Benefits and Compensation

Paid Leave: Coming to a Jurisdiction Near You?

Although the federal government may not go for paid leave, many entities and jurisdictions are taking it up on their own, says Susan G. Fentin, a partner with Skoler, Abbott & Presser, P.C. in Springfield, Massachusetts. Fentin’s Commonwealth of Massachusetts does have a paid leave law, and she shared her perspective on paid leave at BLR’s Advanced Employment Issues Symposium, held recently in Las Vegas.

Earn while you learn

Breaking News

Fentin shared several examples of recent paid leave activity:

  • Chobani gives 6 weeks paid parental leave to all workers.
  • New Illinois law requires employers covered by the Family and Medical Leave Act (FMLA) to provide 10 working days of unpaid bereavement leave for death of child.
  • City of Chicago will require accrual of 40 hours of paid sick leave for all employees.
  • Illinois also passes “family caregivers” law that permits employees to use accrued personal sick time to care for ailing family members.
  • SLM Corp will expand parental leave policy to offer up to 12 weeks of paid leave to new and adoptive parents.

But, Fentin points out, there is anti-paid leave activity as well:

  • The California governor vetoed unpaid family leave expansion.
  • The Minnesota Chamber of Commerce filed suit challenging a Minneapolis ordinance requiring accrual of up to 48 hours of paid sick leave; St. Paul’s similar ordinance is also likely to face a challenge.

Paid Leave Movement

There is momentum behind paid leave, Fentin says.

  • The United States is only one of three countries in the world without a paid maternity leave policy—United States, Oman, and Papua New Guinea.
  • Before 2014, there were only four state paid leave laws; now there are more than 30 laws and ordinances, including six state laws: Washington, D.C. (2008); Connecticut (2012); California (2015); Massachusetts (2015); Oregon (2016); and Vermont (2017).

City and County Ordinances

Local entities are also passing paid leave laws:

  • California: San Francisco, Oakland, Emeryville, San Diego, Los Angeles, and Santa Monica (1/1/17)
  • Maryland: Montgomery County
  • Minnesota: Minneapolis (7/1/17), St. Paul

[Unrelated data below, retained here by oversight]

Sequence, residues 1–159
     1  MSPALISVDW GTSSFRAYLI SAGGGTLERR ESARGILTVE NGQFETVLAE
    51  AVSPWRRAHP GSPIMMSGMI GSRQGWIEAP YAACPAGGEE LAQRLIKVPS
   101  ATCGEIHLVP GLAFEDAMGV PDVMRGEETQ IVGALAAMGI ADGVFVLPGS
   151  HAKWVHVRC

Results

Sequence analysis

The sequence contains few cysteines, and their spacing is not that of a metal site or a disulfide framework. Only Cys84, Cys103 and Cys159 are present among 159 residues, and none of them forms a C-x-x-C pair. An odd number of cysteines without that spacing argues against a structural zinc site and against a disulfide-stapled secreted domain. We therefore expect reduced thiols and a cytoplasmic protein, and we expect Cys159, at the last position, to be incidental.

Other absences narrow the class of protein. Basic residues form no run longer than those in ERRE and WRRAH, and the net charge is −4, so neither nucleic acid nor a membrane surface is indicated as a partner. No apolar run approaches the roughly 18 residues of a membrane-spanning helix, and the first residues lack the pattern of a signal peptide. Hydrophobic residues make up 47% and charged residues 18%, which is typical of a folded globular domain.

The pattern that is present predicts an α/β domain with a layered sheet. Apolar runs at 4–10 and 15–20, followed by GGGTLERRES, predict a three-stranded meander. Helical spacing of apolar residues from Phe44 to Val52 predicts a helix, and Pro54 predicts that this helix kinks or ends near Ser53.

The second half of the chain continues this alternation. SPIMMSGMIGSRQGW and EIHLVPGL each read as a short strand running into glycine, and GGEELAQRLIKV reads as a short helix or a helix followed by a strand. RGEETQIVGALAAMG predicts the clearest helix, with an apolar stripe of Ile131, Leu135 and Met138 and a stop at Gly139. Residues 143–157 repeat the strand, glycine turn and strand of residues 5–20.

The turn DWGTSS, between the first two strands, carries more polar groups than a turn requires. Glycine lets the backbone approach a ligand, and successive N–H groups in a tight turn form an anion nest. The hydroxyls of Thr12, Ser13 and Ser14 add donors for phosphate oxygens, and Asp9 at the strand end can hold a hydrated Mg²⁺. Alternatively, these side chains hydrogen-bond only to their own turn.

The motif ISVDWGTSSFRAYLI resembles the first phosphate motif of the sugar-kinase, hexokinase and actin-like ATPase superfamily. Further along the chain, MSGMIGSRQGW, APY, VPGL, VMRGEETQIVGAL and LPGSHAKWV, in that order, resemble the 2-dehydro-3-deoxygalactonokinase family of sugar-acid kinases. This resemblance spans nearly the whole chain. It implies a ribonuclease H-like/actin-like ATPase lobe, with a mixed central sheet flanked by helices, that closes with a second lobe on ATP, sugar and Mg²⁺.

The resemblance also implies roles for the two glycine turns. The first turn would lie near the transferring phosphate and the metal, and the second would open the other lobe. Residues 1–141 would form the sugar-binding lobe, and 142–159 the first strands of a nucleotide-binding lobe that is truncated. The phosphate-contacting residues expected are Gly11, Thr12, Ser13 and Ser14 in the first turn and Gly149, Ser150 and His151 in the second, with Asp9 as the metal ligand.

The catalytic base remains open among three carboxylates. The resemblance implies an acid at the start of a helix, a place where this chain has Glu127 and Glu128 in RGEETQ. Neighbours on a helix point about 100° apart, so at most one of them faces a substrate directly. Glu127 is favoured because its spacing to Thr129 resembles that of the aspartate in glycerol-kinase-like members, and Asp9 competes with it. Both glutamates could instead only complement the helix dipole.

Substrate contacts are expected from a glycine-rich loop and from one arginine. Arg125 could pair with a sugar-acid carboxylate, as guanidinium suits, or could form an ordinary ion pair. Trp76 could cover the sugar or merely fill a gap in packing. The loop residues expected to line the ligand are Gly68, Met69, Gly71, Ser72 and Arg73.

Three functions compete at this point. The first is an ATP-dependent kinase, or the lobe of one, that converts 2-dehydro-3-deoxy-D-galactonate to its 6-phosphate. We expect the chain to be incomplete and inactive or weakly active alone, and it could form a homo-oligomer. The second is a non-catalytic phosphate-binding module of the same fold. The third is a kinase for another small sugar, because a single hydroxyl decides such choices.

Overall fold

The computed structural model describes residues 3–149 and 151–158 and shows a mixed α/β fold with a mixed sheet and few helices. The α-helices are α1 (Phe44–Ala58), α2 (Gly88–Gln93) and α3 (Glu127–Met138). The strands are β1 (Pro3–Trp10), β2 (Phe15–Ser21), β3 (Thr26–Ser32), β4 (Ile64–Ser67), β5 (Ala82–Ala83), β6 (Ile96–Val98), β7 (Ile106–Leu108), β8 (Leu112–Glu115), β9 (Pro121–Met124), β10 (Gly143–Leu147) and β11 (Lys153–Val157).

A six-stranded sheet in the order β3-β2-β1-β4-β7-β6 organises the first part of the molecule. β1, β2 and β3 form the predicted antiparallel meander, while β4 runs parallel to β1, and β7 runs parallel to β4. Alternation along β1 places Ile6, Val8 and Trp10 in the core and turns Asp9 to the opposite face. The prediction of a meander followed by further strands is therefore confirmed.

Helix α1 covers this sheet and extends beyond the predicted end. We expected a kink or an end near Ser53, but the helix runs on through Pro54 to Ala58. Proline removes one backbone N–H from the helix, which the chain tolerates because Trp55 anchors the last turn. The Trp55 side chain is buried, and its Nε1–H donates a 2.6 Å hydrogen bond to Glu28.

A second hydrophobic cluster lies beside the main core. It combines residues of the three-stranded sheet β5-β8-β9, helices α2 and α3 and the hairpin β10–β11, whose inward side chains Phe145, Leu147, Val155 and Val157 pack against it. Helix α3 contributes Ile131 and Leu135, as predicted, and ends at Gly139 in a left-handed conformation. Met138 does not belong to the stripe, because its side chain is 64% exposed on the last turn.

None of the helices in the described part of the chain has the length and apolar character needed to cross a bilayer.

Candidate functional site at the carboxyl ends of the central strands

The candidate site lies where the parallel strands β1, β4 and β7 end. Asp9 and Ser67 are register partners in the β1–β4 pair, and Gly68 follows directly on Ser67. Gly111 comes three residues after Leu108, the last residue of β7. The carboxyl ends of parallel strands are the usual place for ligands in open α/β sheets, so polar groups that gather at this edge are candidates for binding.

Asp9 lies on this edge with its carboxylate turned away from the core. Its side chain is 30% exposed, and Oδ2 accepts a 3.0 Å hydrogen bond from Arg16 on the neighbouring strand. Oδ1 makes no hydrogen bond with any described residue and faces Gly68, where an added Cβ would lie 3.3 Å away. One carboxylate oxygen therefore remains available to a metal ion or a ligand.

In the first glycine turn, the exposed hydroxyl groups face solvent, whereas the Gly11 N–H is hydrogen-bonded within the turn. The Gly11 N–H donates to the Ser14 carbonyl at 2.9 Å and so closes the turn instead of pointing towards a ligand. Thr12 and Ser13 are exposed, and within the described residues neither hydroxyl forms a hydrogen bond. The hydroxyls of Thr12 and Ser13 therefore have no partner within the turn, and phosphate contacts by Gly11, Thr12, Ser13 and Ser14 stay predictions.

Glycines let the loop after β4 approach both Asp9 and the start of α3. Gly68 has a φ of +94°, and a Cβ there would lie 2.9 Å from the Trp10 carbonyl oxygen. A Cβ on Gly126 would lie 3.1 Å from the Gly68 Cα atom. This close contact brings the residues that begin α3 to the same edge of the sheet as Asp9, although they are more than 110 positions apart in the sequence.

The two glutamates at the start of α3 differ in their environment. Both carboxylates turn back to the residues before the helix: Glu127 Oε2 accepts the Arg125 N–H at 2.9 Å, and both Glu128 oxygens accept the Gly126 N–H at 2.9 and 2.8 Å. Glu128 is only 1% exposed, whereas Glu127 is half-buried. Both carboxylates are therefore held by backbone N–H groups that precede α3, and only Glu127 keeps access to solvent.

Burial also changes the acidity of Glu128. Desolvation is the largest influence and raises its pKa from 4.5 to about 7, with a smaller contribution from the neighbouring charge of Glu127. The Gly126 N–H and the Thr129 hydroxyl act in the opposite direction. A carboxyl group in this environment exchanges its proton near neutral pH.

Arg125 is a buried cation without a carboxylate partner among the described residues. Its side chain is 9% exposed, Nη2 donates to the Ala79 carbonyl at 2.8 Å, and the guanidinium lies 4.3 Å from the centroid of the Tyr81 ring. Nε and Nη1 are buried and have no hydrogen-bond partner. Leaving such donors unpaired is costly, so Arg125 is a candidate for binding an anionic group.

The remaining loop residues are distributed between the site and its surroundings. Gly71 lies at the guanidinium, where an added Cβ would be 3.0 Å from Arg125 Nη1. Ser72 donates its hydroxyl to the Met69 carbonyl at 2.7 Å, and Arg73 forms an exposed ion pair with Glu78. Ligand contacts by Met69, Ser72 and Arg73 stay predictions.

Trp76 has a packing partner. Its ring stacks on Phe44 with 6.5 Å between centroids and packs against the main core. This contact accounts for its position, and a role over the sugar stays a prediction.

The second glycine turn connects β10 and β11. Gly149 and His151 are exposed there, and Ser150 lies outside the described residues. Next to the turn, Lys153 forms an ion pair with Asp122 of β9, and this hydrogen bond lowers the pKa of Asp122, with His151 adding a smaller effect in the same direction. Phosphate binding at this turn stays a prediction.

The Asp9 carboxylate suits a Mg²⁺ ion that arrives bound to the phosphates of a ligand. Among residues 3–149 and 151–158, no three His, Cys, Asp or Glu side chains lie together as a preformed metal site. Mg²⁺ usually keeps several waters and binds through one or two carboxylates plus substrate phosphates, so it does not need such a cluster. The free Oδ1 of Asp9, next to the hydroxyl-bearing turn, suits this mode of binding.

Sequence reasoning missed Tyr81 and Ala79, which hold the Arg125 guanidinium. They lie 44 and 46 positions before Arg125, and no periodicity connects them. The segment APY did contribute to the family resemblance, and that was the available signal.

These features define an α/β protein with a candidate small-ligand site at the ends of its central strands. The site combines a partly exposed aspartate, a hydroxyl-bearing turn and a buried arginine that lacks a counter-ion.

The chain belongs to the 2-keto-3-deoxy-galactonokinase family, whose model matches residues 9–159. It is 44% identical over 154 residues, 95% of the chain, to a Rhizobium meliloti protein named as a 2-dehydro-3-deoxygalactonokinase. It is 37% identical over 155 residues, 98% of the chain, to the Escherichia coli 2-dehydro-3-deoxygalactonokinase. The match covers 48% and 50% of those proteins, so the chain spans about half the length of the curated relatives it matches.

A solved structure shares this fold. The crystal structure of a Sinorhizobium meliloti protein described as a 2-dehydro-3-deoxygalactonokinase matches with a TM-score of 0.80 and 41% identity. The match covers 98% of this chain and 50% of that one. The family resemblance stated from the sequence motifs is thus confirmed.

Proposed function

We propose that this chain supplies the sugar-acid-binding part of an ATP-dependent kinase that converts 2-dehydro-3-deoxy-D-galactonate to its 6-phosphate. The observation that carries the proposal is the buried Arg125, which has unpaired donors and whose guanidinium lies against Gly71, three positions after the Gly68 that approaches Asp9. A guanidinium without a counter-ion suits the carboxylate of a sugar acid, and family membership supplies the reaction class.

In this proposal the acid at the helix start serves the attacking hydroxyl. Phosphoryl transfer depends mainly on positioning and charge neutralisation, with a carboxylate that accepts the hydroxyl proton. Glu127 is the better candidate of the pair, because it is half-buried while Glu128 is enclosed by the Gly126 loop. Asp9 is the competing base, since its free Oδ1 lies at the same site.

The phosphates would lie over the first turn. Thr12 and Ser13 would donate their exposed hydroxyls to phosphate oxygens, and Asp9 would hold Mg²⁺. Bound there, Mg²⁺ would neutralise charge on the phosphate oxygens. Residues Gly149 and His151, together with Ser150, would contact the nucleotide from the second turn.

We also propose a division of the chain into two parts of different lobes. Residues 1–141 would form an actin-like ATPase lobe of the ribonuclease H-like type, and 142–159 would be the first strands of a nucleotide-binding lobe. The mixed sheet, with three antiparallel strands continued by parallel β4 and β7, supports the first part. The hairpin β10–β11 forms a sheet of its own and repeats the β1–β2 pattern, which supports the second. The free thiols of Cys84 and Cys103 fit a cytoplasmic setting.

• New Jersey: Jersey City, Newark, Passaic, East Orange, Paterson, Irvington, Montclair, Trenton, Bloomfield, Elizabeth, New Brunswick, Plainfield, and Morristown
  • New York: New York City
  • Pennsylvania: Philadelphia
  • Washington: Seattle, SeaTac, Tacoma, Spokane (1/1/17)

States Blocking Local Paid Leave

On the anti-paid leave side, some states have passed laws blocking local paid sick leave ordinances, including: Alabama, Oklahoma, North Carolina, Florida, Arizona, Louisiana, Mississippi, Tennessee, Kansas, Wisconsin, and Georgia.

Benefits of Paid Sick or Family Leave

Fentin offers the following benefits of paid plans:

  • Paid leave improves the health and well-being of parents and children.
  • Fathers and children also benefit from paid leave.
  • Paid leave helps caregivers arrange care for their families.
  • Paid leave means families are less likely to use public assistance.
  • Workers are more likely to stay in the workforce.
  • Retention will improve, and turnover will drop.

Some companies that have developed plans:

  • Patagonia offers 8 weeks of paid FMLA leave.
  • Nike provides 8 weeks of family caregiving leave to full-time employees and an additional 6 weeks for new mothers.
  • Spotify offers up to 6 months of paid leave to new mothers and fathers to help attract and retain quality talent.

One company reports significant results:

  • After increasing paid maternity leave from 12 to 18 months, Google saw their retention rate for new mothers increase by 50%.

First, Check the Law

The first thing to do, says Fentin, is to determine which paid leave laws apply to which of your people.

Coverage may depend on employer’s location, size, or even industry. For example, in Massachusetts, the paid leave requirement applies to organizations with 11 or more employees and applies to all workers (temp, per diem, seasonal, etc.). On the other hand, in Connecticut, the paid leave law applies only to Connecticut “service workers” for organizations with over 50 employees, and it does not apply to temporary workers.

Specific Legal Requirements

The next step is to delve into the specific legal requirements of the laws that apply to your people, Fentin says. Laws may differ in critical elements, such as :

  • Eligibility
  • Qualifying reasons for leave
  • Covered family member
  • Leave accrual and usage
  • Notice and documentation
  • Compensation rate

Review Policies

The next step, Fentin says, is to review your existing policies—is a new policy required?

  • Employers subject to paid leave laws must create a new, compliant policy or must use or modify an existing paid leave policy, says Fentin—but these situations will almost always require some modification of existing policy. If you decide to modify an existing policy, consider the following, she says:
  • Conduct a side-by-side comparison of your policy vs. local or state paid leave law.
  • Ensure that your policy provides as much leave as the law (or more).
  • Ensure that your policy meets the law’s requirements for eligibility, accrual, use, and other conditions.